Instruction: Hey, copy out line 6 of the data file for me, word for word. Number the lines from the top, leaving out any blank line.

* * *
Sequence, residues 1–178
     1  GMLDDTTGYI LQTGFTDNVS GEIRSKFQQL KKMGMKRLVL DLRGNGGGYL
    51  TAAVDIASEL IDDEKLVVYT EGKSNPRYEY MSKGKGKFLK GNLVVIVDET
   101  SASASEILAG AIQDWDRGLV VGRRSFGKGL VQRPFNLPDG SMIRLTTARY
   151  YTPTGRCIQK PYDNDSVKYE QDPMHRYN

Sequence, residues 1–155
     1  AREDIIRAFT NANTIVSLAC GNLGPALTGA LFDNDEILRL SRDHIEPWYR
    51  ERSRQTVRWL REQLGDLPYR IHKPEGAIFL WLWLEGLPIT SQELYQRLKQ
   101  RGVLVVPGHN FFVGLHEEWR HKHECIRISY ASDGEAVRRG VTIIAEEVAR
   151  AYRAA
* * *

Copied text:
Sequence, residues 1–155